Talk:model

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It would be nice for the definition of model to make clear that the noun has three types of meanings. For example, I have used this definition for model, which clarifies its meaning for me.

1. Something set forward to be imitated

   - An example for imitation or emulation
       “My brother is a role model for my son”
   - Person who serves as a subject for an artist or a fashion designer
   - A Structural Design
       “We have a good business model”

2. Something built to imitate reality in a simplified way

       “Model Airplane, 1:32 scale”
       Mathematical Model; Simulation

3. A type or design of a product

       "The model of Saturn car I own is the Ion"

Adjective?[edit]

I propose to strike the whole adjective section. All the definitions follow from the general rule in English that one can put two nouns after another and the first becomes a characterisation of the other: a model student is a student who is/can be seen as a model, a model airplane is an airplane which is a model, a model home is a home which serves as a model. henne 20:39, 15 January 2007 (UTC)

Other dictionaries [1] [2] [3] seem to disagree. That is, it stands as an adjective on its own. --Connel MacKenzie 20:43, 15 January 2007 (UTC)
Ok, no prob. It’s just that the fact that it is in both Dutch and Finnish translated as the noun model with a dash, seems to indicate it is a regular compound word. henne 21:34, 15 January 2007 (UTC)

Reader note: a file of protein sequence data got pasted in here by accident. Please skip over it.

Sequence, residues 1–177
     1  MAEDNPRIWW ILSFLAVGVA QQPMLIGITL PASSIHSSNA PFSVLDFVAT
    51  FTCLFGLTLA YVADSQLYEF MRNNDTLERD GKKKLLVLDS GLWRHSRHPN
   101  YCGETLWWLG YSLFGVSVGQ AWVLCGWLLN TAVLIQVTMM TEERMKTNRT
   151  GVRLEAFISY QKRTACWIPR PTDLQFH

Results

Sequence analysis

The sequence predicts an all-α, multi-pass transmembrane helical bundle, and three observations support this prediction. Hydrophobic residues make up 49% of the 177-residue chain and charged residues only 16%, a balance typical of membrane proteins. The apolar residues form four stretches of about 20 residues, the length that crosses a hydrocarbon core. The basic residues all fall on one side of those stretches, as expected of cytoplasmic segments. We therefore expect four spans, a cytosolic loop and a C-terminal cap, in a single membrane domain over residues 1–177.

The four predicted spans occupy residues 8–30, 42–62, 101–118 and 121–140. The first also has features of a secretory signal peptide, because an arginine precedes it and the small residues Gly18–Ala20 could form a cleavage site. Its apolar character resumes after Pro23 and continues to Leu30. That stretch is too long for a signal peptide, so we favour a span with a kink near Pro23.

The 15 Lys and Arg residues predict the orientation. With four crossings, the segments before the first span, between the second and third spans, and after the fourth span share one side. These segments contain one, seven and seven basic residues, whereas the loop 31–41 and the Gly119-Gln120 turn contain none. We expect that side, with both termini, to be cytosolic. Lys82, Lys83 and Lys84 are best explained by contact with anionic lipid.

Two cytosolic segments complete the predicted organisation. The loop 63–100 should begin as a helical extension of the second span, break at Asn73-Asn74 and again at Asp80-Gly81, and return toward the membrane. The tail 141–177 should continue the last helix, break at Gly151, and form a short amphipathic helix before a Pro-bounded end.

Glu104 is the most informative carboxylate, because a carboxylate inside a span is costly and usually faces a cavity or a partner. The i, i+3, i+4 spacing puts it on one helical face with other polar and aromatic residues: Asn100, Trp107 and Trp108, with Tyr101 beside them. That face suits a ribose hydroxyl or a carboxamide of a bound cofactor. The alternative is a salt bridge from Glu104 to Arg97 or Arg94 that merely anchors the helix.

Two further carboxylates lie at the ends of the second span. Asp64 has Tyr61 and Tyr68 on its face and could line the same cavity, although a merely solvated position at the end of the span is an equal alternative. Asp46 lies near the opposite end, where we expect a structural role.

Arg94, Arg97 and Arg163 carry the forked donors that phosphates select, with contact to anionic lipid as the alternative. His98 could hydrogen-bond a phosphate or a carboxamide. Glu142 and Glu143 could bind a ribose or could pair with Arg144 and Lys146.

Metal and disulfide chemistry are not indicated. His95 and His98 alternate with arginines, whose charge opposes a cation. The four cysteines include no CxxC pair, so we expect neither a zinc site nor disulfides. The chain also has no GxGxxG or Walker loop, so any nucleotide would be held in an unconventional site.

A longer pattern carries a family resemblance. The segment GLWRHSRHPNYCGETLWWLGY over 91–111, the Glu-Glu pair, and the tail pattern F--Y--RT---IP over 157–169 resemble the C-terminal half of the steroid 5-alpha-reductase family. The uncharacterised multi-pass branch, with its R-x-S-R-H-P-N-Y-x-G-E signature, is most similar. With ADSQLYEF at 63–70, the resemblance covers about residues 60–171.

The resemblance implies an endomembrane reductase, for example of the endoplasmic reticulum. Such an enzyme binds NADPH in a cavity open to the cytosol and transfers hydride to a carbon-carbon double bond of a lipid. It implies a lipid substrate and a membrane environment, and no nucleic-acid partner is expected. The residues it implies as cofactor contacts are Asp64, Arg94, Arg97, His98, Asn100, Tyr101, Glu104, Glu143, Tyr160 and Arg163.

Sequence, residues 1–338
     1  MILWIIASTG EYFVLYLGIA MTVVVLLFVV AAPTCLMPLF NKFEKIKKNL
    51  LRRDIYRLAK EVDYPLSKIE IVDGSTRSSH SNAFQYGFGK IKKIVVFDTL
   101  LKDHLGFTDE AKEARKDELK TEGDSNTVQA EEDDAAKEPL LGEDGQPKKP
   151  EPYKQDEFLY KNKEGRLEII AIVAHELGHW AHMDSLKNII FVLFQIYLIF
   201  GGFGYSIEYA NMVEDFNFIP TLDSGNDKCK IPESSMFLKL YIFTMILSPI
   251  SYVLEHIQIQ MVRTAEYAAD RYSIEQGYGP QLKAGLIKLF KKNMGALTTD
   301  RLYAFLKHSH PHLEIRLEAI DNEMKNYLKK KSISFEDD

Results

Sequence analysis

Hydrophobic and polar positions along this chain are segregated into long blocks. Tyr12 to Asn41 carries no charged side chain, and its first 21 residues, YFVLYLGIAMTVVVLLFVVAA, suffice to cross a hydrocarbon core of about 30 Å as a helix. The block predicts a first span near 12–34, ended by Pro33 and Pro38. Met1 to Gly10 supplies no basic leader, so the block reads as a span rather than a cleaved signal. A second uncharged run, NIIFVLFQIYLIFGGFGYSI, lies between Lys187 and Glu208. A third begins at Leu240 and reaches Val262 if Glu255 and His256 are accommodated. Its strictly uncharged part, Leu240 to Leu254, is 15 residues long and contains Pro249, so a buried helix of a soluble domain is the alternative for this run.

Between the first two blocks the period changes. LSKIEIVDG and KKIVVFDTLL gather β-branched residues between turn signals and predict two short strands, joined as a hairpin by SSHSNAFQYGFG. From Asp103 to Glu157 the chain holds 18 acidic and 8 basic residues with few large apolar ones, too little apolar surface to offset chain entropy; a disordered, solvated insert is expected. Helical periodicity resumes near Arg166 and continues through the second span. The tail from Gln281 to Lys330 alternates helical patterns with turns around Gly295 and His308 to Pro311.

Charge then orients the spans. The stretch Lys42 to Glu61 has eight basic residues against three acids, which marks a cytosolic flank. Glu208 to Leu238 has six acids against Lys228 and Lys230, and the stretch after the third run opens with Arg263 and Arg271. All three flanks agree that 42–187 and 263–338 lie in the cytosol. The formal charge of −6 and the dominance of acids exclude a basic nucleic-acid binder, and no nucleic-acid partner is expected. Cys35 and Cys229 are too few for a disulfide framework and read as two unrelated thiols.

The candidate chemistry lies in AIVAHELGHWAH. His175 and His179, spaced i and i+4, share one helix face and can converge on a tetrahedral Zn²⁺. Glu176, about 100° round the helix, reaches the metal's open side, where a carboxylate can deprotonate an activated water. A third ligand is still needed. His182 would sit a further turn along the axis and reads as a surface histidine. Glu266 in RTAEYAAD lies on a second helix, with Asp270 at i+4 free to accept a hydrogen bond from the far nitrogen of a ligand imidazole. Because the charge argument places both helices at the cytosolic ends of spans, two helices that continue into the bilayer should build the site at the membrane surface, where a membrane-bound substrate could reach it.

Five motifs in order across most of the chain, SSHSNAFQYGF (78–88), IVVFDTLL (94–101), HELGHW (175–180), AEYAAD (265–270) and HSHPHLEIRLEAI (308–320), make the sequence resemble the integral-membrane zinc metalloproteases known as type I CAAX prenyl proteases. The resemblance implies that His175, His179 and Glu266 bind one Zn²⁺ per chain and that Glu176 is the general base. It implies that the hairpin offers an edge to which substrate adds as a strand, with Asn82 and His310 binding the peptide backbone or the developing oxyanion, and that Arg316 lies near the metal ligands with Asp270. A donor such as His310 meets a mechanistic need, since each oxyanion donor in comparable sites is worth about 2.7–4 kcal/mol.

Prepositions[edit]

The following quotations show the prepositions used with the word "to model".

  • All free assemblies modeled after the British Parliament and American Congress.[4]
  • Their future conduct was modeled on their conduct in the past.[5]

--Dan Polansky 12:57, 21 November 2008 (UTC)

Deletion debate[edit]

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model

I don't think this is a true adjective in any of the three senses shown. Also, it can be used attributively in any of the noun senses, which illustrates one way the adjective PoS is pernicious. Should the adjective translations be shown as separate trans-tops interleaved with the noun senses? DCDuring TALK 17:04, 4 September 2010 (UTC)

  • Yeah you could see it either way. The OED used to consider it just a noun, but since they revised the entry (June this year) they now have a separate adjective section; however even this is labelled "adj. (chiefly attrib.)". A couple of their quotes are suggestive (eg "so model a youth"). Ƿidsiþ 19:37, 6 September 2010 (UTC)
I woulda/coulda/shoulda RfVed it to get citations, but I thought it might be an easily resolved question. Apparently not. We should get attestation as adjective for each adjective sense. I suppose once once sense becomes truly adjectival, others will follow over the years. Do you think that the existing trans tables should be kept separate under the noun PoS, adding "{attributive)" to the transtable gloss? DCDuring TALK 00:05, 7 September 2010 (UTC)
RfV initiated, 3 senses. DCDuring TALK 14:19, 16 September 2010 (UTC)

Closed, striking. Mglovesfun (talk) 15:39, 28 September 2010 (UTC)

RFV[edit]

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Rfv-sense X 3: All senses. I don't believe that any of these meet the tests of true adjectivity (See Wiktionary:English adjectives.) From RfD. DCDuring TALK 14:18, 16 September 2010 (UTC)

There seem to be enough Google Book hits for "become model" that aren't attributive use to suggest that at least one adjectival definition is justified. I say justified rather than needed. Mglovesfun (talk) 09:09, 18 September 2010 (UTC)

Webster's provides these adjectival senses, although it combines (1) and (2) into a single definition. (http://www.merriam-webster.com/dictionary/model%5B3%5D) —This comment was unsigned.

Two senses RFV-failed, one sense cited. - -sche (discuss) 02:02, 8 August 2011 (UTC)
Now well cited. - -sche (discuss) 18:37, 14 August 2011 (UTC)